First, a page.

With Battle of Britain 1940, the focus is naturally upon Fighter Command aircrew. Obviously, there were casualties suffered by other RAF commands, which should not be overlooked, and that is, I hope, a subject another researcher will tackle. I have, however, looked a little wider than just the Few, through including a chapter on civilian casualties suffered when the Supermarine factory, producing Spitfires in Southampton, was badly hit, and another on merchant seamen killed during the early battles over Channel-bound convoys – a chapter which will, I think, surprise many. Also included is Sergeant Patrick Hayes, a Spitfire pilot reported missing over the Channel just before the Battle’s official start-date, who cannot, therefore, technically be considered one of the Few , and a ferry pilot, Pilot Officer Alec Bird, who destroyed a Ju 88 on 25 July 1940 and lost his life in the process, who, having not served with one of the accredited fighter squadrons or appended units, is likewise not one of the Few. Moreover, perhaps surprisingly, the story of Oberleutnant Siegfried Stronk, a German Me 109 pilot killed over Biggin Hill is also included in an effort to provide a rounded view. In every case, the families involved have all cooperated and fully supported the project, yet again this original research yielding previously unseen photographs, artefacts and stories. Within this book we have regular airmen, auxiliaries and reservists, including the Polish Flying Officer Franek Gruszka, a Spitfire pilot reported missing over Kent on 18 August 1940 but not recovered for burial until 1974; Sergeant Robert Young, a Defiant air-gunner buried at Northwood – a long way from his home in New Zealand, these two stories emphasising the contribution made by free men from the occupied lands and Commonwealth. Let us also not forget those on the ground in essential supporting roles, such as Aircraftwoman Edna Button of the Women’s Auxiliary Air Force, an Australian, and Aircraftman 1st Class John Joseph Jackson, an engine fitter on 610 Squadron, both killed when Biggin Hill was bombed on 30 August 1940. This, then, is hidden history, the human cost, the personal cost, and untold stories.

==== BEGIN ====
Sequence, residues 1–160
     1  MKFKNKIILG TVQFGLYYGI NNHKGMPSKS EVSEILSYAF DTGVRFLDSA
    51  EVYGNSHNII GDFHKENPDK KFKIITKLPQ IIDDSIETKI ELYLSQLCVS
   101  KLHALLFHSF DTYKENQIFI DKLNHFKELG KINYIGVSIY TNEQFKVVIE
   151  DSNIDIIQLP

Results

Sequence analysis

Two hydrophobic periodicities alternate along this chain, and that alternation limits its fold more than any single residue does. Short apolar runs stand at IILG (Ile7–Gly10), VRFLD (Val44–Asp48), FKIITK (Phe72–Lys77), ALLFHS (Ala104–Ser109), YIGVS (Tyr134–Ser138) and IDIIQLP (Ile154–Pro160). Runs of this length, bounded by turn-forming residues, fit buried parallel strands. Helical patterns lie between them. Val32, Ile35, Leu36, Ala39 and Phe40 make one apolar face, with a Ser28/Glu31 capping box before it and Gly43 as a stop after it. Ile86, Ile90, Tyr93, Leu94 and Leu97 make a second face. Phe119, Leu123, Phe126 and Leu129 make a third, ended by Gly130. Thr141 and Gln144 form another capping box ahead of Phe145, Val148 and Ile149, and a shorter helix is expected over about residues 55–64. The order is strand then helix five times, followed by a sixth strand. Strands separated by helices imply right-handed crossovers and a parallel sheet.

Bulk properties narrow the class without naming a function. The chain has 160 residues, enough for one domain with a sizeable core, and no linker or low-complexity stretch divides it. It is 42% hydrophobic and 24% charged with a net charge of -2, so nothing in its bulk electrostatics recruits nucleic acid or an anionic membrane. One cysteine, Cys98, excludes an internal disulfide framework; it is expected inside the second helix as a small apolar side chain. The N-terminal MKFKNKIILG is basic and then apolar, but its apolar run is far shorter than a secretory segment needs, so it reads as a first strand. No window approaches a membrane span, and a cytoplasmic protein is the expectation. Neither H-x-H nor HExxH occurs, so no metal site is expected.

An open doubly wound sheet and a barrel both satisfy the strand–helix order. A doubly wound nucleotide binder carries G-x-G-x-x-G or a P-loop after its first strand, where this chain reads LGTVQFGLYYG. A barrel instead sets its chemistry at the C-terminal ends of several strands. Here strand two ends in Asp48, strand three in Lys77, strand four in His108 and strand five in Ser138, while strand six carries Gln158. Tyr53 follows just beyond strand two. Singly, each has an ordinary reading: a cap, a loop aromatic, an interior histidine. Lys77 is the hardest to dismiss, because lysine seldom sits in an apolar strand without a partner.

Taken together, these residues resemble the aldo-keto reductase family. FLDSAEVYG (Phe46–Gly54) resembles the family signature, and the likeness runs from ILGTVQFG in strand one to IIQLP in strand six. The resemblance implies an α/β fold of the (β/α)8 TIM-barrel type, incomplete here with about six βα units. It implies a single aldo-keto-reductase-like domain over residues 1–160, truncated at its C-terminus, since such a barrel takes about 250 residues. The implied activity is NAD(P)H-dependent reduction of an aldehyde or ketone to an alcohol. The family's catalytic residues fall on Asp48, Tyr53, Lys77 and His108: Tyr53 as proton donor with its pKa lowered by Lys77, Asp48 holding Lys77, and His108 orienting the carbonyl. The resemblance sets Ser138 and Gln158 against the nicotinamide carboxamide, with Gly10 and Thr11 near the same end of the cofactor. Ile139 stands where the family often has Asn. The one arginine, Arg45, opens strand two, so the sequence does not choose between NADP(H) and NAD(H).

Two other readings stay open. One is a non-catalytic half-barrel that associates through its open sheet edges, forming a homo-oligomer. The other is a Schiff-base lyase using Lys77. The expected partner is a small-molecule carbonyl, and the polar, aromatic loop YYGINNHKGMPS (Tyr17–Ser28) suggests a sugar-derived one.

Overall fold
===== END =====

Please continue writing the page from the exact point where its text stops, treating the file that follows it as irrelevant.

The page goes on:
It would be remiss of me to pick one casualty story out as a favourite – all are special and deserved of their place in history. I would say, however, that the story of high-society Flight Lieutenant Willie Rhodes-Moorhouse DFC and his younger brother-in-law, Flying Officer Richard Demetriadi, both Hurricane pilots killed a few weeks apart, is deeply moving, and the tale of Pilot Officer Martyn Aurel King, a Hurricane pilot and youngest of the Few – who had a fascinating family background and upbringing in China – cannot fail to move even the sternest of hearts. This book will, I am sure, make another original contribution to 1940’s ever-burgeoning bibliography.
Returning to my initial theme, it is entirely right to associate our brave NHS staff and volunteers of today with the Few, who saved this country in 1940. Wonderful, aren’t they?
Stay safe all…
Dilip Sarkar MBE FRHistS
Dilip Sarkar’s website: www.ourfinesthour.net
Battle of Britain Memorial Trust: https://www.battleofbritainmemorial.org
Kent Battle of Britain Museum: http://www.kbobm.org
Pre-order Battle of Britain 1940 here.